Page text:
, the Netziv (Teshuvot Meishiv Davar Y.D. Kuntress Devar HaShemittah) rejects the Heter Mechirah because it is forbidden to sell Israeli land to a Nochri. In fact, the Netziv asserts, selling the farmland to a Nochri is a more severe prohibition than failing to observe Shemittah, because Lo Techaneim is undoubtedly a biblical prohibition, while many authorities rule that Shemittah today is only a rabbinic obligation. The Netziv described the situation as "Running from a wolf and encountering a lion." The proponents of the Heter Mechirah respond that selling farmland to avoid Shemittah does not violate Lo Techaneim. They note that some authorities (such as the Bach, Choshen Mishpat 249) rule that this prohibition does not apply to a monotheistic Nochri, such as a Moslem. I have heard that the Israeli Chief Rabbinate is particular to sell the land to a Moslem for this reason.

Another reason why the sale may not violate Lo Techaneim is that it is only a temporary one. Since the time of Rav Yitzchak Elchanan Spektor, the sale has only been for a two-year period. The proponents of the Heter Mechirah point out that the Rambam (Hilchot Avodah Zara 10:4) writes, "Why are we forbidden to sell them land? Because the Torah states Lo Techaneim, that one may not give them a resting place in the Land. If they do not have land, then their residence in Israel shall be temporary." The proponents of the sale argue that it is unusual for the Rambam to offer the reason for a Mitzvah in his Mishneh Torah. The Rambam presents the reason for this prohibition, they argue, because the prohibition applies only when the reason applies (see, however, Rav Yitzchak Twersky's Introduction to the Code of Maimonides pages 407-514 for a different appraisal of the Taamei HaMitzvot that the Rambam included in Mishneh Torah). Thus, since the sale is only temporary in nature, Lo Techaneim does not apply, since the Nochri is not presented with the opportunity to reside permanently in Israel (see Rav Kook's Shabbat HaAretz 58 and Rav Aharon Lichtenstein's thoughts presented in Tradition Spring 2007 page 23).

A precedent for this ruling is a seventeenth century responsum written by Rav M. Robbio, the Rav of Chevron (Teshuvot Shemen HaMor, Yoreh Deah 4). This responsum permitted the sale of a vineyard to a Nochri prior to Shemittah for a period of two years. It is reported that Rav Yitzchak Elchanan considered this ruling a vital precedent for his approval of the Heter Mechirah. Teshuvot Yeshuot Malko (number 55) adds that the Heter Mechirah is in fact conducted with the intention of preserving the Jewish presence in Eretz Yisrael. When a sale to a Nochri enhances the Jewish presence in Israel, the prohibition of Lo Techaneim does not apply.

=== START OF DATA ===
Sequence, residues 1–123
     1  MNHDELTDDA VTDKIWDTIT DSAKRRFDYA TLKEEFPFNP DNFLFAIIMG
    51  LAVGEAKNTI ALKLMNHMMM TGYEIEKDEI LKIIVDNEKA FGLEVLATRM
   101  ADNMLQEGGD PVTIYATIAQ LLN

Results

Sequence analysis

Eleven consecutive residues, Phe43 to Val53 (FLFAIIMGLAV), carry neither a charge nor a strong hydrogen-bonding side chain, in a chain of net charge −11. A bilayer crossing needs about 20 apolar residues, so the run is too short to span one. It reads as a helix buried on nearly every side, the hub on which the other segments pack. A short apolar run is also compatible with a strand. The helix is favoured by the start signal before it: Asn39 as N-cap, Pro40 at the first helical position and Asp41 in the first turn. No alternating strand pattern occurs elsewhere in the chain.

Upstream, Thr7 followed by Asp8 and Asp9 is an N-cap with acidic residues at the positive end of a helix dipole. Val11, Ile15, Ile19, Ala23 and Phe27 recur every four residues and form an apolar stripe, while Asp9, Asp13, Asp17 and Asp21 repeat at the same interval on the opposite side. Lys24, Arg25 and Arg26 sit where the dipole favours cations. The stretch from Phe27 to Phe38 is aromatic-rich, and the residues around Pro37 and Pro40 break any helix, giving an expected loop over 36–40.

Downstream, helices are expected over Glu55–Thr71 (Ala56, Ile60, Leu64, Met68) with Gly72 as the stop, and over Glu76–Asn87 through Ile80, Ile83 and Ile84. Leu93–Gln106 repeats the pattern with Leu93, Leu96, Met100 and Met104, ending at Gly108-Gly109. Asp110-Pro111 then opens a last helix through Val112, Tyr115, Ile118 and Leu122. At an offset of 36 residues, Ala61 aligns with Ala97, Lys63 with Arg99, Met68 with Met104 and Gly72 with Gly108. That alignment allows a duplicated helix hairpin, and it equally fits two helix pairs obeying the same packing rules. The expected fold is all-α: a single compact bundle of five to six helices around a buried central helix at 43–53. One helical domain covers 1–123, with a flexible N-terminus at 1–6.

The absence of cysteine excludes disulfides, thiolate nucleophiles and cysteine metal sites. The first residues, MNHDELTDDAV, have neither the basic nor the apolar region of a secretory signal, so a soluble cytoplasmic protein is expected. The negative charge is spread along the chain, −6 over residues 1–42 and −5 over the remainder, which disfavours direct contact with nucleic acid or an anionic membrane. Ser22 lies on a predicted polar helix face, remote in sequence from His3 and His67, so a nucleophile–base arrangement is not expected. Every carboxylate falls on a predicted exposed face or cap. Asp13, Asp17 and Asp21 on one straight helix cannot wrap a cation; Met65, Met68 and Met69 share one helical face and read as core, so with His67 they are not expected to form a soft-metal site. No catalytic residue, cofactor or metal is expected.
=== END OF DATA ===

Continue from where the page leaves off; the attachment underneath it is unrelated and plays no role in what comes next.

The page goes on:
The Chazon Ish (Shviit 24:1-4) flatly rejects these lenient rulings regarding Lo Techaneim. He writes, "One cannot make exceptions to the Torah's rules." In fact, the Chazon Ish adds that since the sale is forbidden, if one appoints an agent to sell the land, the sale is void. This is an application of the Talmudic teaching "Ein Sheliach LeDvar Averiah," loosely translated as "The laws of agency do not apply to an agent who is appointed to perform a forbidden act." Accordingly, since individual farmers appoint the Israeli Chief Rabbinate as their agent to sell the land, the sale is invalid according to the Chazon Ish, since the Rabbinate is violating the Torah by selling the land to a Nochri.

There are at least three potential responses to the "Ein Sheliach LeDvar Averiah" argument of the Chazon Ish. First, the Chazon Ish assumes that Ein Sheliach LeDvar Averiah implies that the agency is invalid. Others assert that this rule implies only that the agent, but not the one who appointed him, is viewed as the sinner. These authorities claim that the agency remains valid despite the sin committed by the agent. The Aruch HaShulchan (Even HaEzer 141:139) writes that many authorities rule that the agency remains valid despite the Halachic violation and that this dispute has not been resolved and remains in doubt. (This dispute is based on the two opinions that appear in Tosafot, Bava Metzia 10b s.v. DeAmar LeYisrael.)

A second response to the Chazon Ish is that the Maharshal (cited and rejected by the Shach C.M. 348:6) rules that if the agent does not realize that he is performing a sin, the rule of Ein Sheliach LeDvar Averiah does not apply. The Israeli Chief Rabbinate obviously does not believe that it is sinning when it sells the farmland to a Nochri, and the sale is therefore valid (even if it is in fact forbidden).

A third response is that the Rama (C.M. 388:15) rules that if it is "established" that this agent will perform the transgression, then Ein Sheliach LeDvar Averiah does not apply. The Israeli Chief Rabbinate has undoubtedly established the fact that it engages in the Heter Mechirah. Although the Shach (C.M. 388:67) vigorously disputes this ruling of the Rama, one might be able combine these three arguments in addition to the possibility that the Rabbinate does not violate Lo Techaneim at all to argue that the sale of the farmland to the Nochri is valid.

Next week, we will (IY"H and B"N) complete our survey of the historic dispute regarding the Halachic viability of the Heter Mechirah.